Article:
A public photo exhibition, showcasing images of wildlife and scenery on the National Cycle Network has gone on show in Edinburgh.
The Go Wild exhibition, showcasing stunning images of wildlife and scenery on the National Cycle Network in Scotland, has gone on show along the Union Canal in Edinburgh.
The free exhibition, which showcases submissions from photographers of all abilities as part of Sustrans Scotland’s Go Wild photography competition, will be displayed at Lochrin Basin until 30th August.
Go Wild is part of Sustrans Scotland’s Greener Greenways project, which is part-funded by Scottish Natural Heritage, and aims to improve and enhance biodiversity on traffic-free sections of the Network that are home to a variety of animals and plant species.
The shortlisted photos range from a playful stoat to scenic shots highlighting breath-taking views along National Cycle Network routes in Scotland.
Sustrans Scotland Volunteers Coordinator, Laura White said: “We hope these photos will inspire and encourage more people to explore their local area by foot or bike, and enjoy the fantastic scenery and wildlife the National Cycle Network has to offer.”
“The National Cycle Network plays a vital role in supporting and promoting a wide variety of wildlife in Scotland and is a fantastic place for people to experience some of the rich biodiversity that Scotland has to offer.”
See the exhibition
You can visit the exhibition at Lochrin Basin, EH3 9QD, along the Union Canal in Edinburgh during the month of August. Visit www.sustrans.org.uk/scotphotocomp18 for more information.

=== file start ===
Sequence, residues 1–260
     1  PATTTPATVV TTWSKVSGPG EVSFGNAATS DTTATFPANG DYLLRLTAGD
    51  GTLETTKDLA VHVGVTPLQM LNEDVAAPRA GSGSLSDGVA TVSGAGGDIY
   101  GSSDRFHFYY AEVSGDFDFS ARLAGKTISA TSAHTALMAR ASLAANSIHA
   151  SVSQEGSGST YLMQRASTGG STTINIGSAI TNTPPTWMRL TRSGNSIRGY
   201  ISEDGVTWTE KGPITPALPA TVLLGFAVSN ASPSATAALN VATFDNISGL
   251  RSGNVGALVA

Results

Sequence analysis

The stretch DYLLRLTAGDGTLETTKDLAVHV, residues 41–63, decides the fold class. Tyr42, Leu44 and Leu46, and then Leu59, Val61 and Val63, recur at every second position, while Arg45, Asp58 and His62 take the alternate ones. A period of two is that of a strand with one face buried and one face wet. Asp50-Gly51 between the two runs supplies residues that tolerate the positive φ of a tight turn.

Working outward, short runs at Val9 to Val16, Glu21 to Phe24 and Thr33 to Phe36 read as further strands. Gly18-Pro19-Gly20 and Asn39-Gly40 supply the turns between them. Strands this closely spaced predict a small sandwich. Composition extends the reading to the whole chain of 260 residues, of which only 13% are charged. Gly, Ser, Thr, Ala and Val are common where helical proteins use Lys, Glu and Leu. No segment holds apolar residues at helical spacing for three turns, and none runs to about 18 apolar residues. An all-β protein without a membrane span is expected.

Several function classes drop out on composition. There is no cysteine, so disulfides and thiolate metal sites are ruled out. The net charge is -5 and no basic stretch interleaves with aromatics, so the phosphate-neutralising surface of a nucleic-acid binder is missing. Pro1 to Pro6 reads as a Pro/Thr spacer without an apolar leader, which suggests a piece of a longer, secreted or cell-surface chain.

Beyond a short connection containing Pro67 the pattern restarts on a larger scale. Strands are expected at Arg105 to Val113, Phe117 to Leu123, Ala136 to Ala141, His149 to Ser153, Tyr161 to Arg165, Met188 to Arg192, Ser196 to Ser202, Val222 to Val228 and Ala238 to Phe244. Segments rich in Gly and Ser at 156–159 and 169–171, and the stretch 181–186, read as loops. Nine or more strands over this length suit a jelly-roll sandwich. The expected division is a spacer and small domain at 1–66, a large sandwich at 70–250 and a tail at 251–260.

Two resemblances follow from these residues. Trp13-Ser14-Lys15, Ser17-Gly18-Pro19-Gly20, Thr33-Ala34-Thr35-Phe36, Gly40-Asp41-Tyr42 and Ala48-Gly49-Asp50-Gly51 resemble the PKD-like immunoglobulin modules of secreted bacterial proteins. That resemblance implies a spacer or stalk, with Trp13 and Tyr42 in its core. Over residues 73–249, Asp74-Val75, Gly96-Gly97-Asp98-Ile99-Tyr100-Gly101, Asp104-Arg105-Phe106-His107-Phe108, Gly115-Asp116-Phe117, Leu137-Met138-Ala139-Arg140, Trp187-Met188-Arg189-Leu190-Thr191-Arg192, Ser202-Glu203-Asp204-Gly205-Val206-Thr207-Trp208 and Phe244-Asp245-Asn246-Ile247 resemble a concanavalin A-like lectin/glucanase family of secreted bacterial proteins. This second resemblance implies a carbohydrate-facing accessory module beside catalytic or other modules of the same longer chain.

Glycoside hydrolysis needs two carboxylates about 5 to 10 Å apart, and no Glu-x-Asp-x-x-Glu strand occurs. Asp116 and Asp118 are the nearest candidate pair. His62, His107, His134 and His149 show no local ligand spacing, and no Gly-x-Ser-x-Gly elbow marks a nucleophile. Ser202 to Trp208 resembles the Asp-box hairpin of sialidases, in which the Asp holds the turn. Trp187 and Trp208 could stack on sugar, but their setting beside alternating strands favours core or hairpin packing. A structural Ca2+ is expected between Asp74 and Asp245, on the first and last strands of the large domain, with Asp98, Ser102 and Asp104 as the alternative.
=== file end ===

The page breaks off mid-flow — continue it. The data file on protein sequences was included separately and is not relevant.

There are approximately 2,371 miles (3,815 km) of National Cycle Network routes in Scotland, including 644 miles of traffic-free routes which use a mix of railway path, canal towpath, forest road, shared-use path, segregated cycle lanes and re-determined rural footways. It plays a vital role in helping people to travel by foot, bike or public transport for more every day journeys and can act as a green corridor for wildlife.
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Creative Carbon Scotland is a partnership of arts organisations working to put culture at the heart of a sustainable Scotland. We believe cultural and creative organisations have a significant influencing power to help shape a sustainable Scotland for the 21st century.
In 2011 we worked with partners Festivals Edinburgh, the Federation of Scottish Threatre and Scottish Contemporary Art Network to support over thirty arts organisations to operate more sustainably.
We are now building on these achievements and working with over 70 cultural organisations across Scotland in various key areas including carbon management, behavioural change and advocacy for sustainable practice in the arts.
Our work with cultural organisations is the first step towards a wider change. Cultural organisations can influence public behaviour and attitudes about climate change through:
Changing their own behaviour;
Communicating with their audiences;
Engaging the public’s emotions, values and ideas.